Magic of nature in 11th century landscape

17:25, September 26, 2010      

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"DEEP Valley" is a famous 11th century landscape by court painter Guo Xi (1020-1190) whose mountain snow scene reflects the Taoist view that a good painting should reflect the magic of nature.

The ink-wash work (168cmx53.6cm) in the Shanghai Art Museum depicts heavy snow on mountains and steep cliffs where old trees struggle to survive.

Guo was a representative court artist in the Northern Song Dynasty (960-1127) and occupies an important position in Chinese art history. He is noted for his "three distance" theory about high distance, deep distance and level distance, or foreground, middle ground and background, recorded in his treatise titled "The Lofty Ambition of Forests and Streams."

The artist is also famous for his technique of brush strokes and ink wash to depict textures and surface of rocks and cliffs.

In "Deep Valley," the painter emphasizes the depth and height of the mountain by using a high-angle view, in which the painter looks down at the scene. This perspective reflects the Taoist view of mystical nature.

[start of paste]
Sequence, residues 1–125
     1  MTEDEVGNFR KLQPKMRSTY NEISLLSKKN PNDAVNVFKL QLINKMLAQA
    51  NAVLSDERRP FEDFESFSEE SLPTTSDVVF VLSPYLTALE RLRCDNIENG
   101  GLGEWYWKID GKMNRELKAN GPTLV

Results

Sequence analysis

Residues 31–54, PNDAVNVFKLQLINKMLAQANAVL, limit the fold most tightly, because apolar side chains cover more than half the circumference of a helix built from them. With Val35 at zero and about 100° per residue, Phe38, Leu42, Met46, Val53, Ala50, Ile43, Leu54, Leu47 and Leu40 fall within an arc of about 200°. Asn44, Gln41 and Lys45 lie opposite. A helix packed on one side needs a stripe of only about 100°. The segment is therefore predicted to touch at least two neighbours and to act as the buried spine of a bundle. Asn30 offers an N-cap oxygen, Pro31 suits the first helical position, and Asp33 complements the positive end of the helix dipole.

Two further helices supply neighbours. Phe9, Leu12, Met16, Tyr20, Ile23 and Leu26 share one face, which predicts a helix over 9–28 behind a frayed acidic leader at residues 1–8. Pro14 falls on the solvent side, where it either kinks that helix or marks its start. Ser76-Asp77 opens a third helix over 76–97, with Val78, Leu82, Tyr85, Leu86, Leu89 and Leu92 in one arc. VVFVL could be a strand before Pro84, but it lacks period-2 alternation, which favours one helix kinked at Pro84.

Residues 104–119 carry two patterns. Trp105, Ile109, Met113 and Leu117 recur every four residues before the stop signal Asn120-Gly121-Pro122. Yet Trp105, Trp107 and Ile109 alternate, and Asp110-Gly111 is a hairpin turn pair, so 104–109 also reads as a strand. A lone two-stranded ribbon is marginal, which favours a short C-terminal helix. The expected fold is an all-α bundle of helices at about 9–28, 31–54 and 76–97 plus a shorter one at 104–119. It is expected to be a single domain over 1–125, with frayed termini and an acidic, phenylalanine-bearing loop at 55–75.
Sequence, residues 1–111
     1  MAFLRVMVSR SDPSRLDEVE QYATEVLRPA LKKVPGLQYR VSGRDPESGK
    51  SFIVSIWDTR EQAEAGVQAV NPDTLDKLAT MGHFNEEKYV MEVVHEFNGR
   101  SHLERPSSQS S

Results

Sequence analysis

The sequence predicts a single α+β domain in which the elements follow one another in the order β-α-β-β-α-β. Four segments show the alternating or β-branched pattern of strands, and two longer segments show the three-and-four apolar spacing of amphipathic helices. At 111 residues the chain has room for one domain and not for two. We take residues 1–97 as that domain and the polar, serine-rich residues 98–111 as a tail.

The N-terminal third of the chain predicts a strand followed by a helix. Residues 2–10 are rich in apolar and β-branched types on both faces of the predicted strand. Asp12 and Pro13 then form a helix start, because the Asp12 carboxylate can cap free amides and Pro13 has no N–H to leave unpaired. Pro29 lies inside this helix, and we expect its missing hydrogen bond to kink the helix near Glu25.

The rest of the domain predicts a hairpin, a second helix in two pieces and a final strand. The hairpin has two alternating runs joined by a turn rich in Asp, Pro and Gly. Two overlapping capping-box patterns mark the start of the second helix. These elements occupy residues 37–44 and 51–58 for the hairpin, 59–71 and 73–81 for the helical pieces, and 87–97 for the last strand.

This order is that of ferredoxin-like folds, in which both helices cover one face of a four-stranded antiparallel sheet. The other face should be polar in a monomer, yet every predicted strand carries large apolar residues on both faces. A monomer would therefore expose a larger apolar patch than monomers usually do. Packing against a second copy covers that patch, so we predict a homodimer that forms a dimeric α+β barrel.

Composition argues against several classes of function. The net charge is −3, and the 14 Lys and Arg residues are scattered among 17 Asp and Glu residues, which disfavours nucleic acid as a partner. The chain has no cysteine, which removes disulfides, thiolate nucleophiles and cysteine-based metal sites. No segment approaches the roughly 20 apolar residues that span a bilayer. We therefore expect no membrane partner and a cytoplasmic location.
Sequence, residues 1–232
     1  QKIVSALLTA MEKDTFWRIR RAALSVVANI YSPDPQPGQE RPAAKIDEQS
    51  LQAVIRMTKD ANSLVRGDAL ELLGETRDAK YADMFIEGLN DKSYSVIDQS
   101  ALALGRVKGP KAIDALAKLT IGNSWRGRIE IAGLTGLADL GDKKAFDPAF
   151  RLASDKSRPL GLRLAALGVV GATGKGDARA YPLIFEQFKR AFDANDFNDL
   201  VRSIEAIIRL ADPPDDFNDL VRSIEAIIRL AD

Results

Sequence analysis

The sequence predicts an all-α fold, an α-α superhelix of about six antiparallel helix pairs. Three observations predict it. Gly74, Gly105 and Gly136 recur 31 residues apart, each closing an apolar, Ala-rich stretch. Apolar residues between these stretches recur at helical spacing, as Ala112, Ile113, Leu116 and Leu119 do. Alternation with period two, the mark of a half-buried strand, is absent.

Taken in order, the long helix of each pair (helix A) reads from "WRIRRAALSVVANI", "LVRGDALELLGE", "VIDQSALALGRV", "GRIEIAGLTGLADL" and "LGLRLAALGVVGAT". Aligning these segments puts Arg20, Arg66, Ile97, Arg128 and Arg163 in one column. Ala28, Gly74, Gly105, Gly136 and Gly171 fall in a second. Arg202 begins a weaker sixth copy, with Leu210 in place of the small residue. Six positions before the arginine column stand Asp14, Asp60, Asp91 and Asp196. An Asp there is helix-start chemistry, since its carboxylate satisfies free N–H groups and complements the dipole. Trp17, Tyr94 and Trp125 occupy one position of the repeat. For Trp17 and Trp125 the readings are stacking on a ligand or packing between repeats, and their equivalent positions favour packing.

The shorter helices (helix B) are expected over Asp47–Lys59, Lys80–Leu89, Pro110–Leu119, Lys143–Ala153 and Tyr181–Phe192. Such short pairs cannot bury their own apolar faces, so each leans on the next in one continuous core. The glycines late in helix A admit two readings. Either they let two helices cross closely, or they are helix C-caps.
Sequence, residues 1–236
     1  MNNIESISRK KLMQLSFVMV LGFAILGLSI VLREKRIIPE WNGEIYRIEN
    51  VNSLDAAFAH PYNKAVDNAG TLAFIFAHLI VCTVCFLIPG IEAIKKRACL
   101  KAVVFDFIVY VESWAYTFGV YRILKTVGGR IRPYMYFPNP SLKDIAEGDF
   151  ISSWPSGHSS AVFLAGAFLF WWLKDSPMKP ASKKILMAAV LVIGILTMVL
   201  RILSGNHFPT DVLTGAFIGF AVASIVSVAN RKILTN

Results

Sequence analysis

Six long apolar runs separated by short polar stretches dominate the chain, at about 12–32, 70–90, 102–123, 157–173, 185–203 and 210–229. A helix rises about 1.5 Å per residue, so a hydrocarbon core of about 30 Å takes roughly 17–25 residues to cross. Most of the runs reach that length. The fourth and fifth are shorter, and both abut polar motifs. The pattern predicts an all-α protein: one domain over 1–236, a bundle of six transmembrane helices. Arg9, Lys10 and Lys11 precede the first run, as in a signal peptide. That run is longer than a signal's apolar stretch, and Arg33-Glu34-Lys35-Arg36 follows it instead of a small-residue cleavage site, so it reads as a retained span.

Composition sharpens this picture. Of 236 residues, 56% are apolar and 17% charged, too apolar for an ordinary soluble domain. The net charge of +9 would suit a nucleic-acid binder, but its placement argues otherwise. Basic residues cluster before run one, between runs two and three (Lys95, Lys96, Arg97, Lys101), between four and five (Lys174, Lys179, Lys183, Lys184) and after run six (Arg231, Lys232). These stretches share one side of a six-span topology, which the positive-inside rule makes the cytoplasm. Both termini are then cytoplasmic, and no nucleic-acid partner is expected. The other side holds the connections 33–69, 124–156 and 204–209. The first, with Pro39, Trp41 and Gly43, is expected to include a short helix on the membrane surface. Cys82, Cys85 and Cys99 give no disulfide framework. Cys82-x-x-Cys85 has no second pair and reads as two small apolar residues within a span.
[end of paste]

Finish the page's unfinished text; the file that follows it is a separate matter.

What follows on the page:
The composition is significant, classically reflecting Guo's three-distance theory. He uses high distance and bright tones to express the upward force of the mountain and deep distance in gloomy tones to show peaks rising one after another.

The ink wash is also distinctive. Light ink is used to paint the mountain covered with snow, which appears fresh in the vivid scene. Heavy ink is used to paint the trees, especially the thin branches. This kind of light and dark contrast is used to create aesthetic visual layers.

The mountain and trees appear to be falling asleep in the cold winter, but the gurgling stream in the foreground gives a sense of life and the coming spring.

(Source: Shanghai Daily)

(Editor:李牧(实习))

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